First thing to do is replace Plekanec or AK with a d-man.  Clearly Emelin is the choice here.  Clearly Martin has no faith in him, but that's because Martin is to worried about giving up goals.  Clearly, he should be worried about scoring them instead.  Emelin played a lot of minutes in the KHL on the PP last year, and played very well.  To have so much faith in Diaz and so little in Emelin is senseless in my opinion.

But what makes defensmen such a better option than forwards on the point you may ask? It comes down to regularity.  Defensmen are simply more used to making offensive decisions from the blueline than forwards are.  This makes them better at lateral passes, passes down-low, and an assortment of shots on net.  And by being more accustomed with these maneuvers, they do them all much quicker, which is the key to any good PP.

Secondly, replace Desharnais on the first unit with Eller.  This is not as obvious, but to me, critical.  There's a reason why Gomez is not on the first PP unit, and it's quickly becoming the reason why Desharnais shouldn't be on it either: they're not a threat to score.  Name me one good PP unit that has a player on it that isn't a viable shooter. Stop thinking, cuz' there isn't one.

You simply can't have a player on the ice for the biggest portion of your PP that refuses to shoot.  How many times have we seen Desharnais try to force the puck inside to Darche or Pacioretty.  A lot.  How many times has it worked? Like never.  Why? Duh, the other team knows it's coming, every bloody time.  Put Eller in there, and a whole lot changes.  Besides being able to make the quick in front-of-the-net pass, Eller is also capable of crashing the net and shooting the puck.  He can do multiple things which makes him, yup, you guessed it: unpredictable.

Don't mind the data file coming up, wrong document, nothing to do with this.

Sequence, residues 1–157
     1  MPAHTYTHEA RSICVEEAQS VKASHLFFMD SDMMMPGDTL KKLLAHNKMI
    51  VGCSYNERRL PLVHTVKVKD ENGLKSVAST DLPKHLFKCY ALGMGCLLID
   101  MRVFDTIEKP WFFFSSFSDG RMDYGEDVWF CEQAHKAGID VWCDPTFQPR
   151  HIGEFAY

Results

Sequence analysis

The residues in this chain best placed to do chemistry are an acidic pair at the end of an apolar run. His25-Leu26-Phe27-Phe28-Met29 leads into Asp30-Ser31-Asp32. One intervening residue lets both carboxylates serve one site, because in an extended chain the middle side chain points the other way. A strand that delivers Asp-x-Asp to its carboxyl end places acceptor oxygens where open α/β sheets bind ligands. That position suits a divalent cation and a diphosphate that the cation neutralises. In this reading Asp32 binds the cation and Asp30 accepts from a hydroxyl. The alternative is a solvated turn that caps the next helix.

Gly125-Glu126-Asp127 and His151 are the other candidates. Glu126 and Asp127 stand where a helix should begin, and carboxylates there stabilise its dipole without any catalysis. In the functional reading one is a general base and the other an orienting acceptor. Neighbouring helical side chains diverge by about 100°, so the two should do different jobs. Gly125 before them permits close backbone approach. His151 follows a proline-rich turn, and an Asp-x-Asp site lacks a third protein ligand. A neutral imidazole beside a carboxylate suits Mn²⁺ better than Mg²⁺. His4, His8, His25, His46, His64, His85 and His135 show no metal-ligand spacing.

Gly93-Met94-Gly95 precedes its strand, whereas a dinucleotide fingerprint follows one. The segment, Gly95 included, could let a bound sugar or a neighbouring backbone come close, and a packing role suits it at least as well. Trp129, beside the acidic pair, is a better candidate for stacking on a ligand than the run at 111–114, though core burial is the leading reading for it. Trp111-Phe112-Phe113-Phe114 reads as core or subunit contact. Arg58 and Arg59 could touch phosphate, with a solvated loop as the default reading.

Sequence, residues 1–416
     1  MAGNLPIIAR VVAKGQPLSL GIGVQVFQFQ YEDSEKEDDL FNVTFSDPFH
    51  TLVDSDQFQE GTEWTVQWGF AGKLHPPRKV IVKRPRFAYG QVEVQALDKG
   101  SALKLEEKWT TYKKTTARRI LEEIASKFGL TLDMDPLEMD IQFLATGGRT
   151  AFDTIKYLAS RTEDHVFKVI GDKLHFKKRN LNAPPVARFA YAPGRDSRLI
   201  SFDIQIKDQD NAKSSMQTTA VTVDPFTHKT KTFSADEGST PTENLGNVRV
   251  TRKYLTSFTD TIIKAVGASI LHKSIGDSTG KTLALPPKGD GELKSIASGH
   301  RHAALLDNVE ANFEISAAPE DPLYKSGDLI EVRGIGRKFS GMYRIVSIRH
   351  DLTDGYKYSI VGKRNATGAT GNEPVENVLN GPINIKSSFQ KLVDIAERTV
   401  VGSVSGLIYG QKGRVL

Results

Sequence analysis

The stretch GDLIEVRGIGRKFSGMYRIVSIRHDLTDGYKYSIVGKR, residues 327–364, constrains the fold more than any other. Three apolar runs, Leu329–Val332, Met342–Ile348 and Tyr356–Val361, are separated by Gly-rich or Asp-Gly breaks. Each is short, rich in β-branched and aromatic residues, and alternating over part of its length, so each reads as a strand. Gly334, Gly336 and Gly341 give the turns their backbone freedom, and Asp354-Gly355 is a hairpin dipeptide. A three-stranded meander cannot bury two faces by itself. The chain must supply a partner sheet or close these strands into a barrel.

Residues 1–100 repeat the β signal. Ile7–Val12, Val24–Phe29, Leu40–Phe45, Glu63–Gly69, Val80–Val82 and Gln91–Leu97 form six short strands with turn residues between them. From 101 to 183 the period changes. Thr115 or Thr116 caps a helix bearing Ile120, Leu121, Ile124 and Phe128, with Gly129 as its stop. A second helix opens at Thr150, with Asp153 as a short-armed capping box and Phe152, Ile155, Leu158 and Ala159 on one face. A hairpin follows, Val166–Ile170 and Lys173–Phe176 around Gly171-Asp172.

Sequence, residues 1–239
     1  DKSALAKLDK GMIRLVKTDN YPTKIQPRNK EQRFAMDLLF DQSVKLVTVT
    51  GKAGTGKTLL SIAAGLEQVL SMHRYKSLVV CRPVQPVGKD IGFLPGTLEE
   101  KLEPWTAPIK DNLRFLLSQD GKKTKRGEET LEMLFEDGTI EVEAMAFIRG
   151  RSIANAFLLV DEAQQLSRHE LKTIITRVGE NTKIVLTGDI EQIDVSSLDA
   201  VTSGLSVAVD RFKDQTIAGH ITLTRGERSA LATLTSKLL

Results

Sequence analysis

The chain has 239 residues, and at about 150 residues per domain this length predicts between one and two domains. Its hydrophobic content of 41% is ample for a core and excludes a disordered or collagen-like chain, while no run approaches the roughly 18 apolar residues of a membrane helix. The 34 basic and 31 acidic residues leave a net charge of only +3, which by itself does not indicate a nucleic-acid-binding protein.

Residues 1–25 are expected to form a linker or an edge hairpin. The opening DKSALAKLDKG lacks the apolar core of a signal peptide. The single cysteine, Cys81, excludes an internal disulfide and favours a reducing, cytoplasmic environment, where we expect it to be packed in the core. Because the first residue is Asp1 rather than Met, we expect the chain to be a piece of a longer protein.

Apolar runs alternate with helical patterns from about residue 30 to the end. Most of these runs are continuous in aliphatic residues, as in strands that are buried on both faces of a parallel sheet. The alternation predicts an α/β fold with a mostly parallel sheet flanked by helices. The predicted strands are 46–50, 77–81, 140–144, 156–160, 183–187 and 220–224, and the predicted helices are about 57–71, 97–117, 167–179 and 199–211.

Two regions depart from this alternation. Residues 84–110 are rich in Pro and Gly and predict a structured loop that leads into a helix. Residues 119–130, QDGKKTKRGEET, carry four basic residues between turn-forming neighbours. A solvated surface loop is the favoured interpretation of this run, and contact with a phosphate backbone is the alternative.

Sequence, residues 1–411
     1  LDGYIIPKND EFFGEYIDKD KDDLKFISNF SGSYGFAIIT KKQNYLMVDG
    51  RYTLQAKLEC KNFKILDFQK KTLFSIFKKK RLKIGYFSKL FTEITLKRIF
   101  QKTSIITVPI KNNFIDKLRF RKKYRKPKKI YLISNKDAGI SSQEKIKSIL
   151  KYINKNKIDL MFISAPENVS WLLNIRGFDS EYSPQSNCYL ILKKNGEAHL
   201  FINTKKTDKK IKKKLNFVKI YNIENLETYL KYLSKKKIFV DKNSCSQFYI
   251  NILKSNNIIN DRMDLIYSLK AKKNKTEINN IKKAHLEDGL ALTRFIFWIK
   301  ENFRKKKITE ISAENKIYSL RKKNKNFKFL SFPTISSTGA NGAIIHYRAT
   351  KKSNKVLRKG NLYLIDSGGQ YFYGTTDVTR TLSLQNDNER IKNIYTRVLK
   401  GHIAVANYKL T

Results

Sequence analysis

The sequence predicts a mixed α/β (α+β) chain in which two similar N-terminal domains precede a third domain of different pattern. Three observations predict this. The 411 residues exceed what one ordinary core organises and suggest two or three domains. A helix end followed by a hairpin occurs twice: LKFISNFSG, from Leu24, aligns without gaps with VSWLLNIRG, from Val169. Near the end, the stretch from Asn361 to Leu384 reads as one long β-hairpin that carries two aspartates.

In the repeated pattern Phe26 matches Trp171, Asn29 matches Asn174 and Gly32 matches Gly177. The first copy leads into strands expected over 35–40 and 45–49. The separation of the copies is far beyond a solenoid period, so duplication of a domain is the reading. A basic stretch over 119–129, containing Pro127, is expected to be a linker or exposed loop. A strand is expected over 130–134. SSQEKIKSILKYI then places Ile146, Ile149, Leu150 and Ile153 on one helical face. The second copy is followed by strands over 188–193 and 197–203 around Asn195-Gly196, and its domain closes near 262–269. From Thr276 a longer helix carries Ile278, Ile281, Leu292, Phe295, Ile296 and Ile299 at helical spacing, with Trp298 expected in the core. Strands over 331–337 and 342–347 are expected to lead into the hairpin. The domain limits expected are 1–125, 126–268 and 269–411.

Three, go and watch the Vancouver Canucks PP.  Right, this will never happen because Martin and Pearn know it all, and after all it's not their fault: it's the players not doing what they're told.  Or... maybe what they're told is garbage?  What makes the Canucks PP effect?  Pass and move.  That's the system.  What happens when you have five guys in perpetual motion? You have four guys in perpetual motion guarding them, which means, drum roll please, openings have a habit of being created.  And that's just the beginning. Once you begin to move that much faster than the defence, you force them to commit errors in coverage, because they begin to scramble to retain their proper positioning.

What I've noticed since the beginning of the year is that our PP is the one scrambling to retain its position, and the opposing PK have been the ones moving quicker.  Of course this makes no sense, right? How can our opponents who have less players be in better position than us?  Wrong personnel on the ice is one. Wrong strategy is two.  Wrong decision-making is three.  And the Habs have made these mistakes game in, game out.

3. Giving Cole a role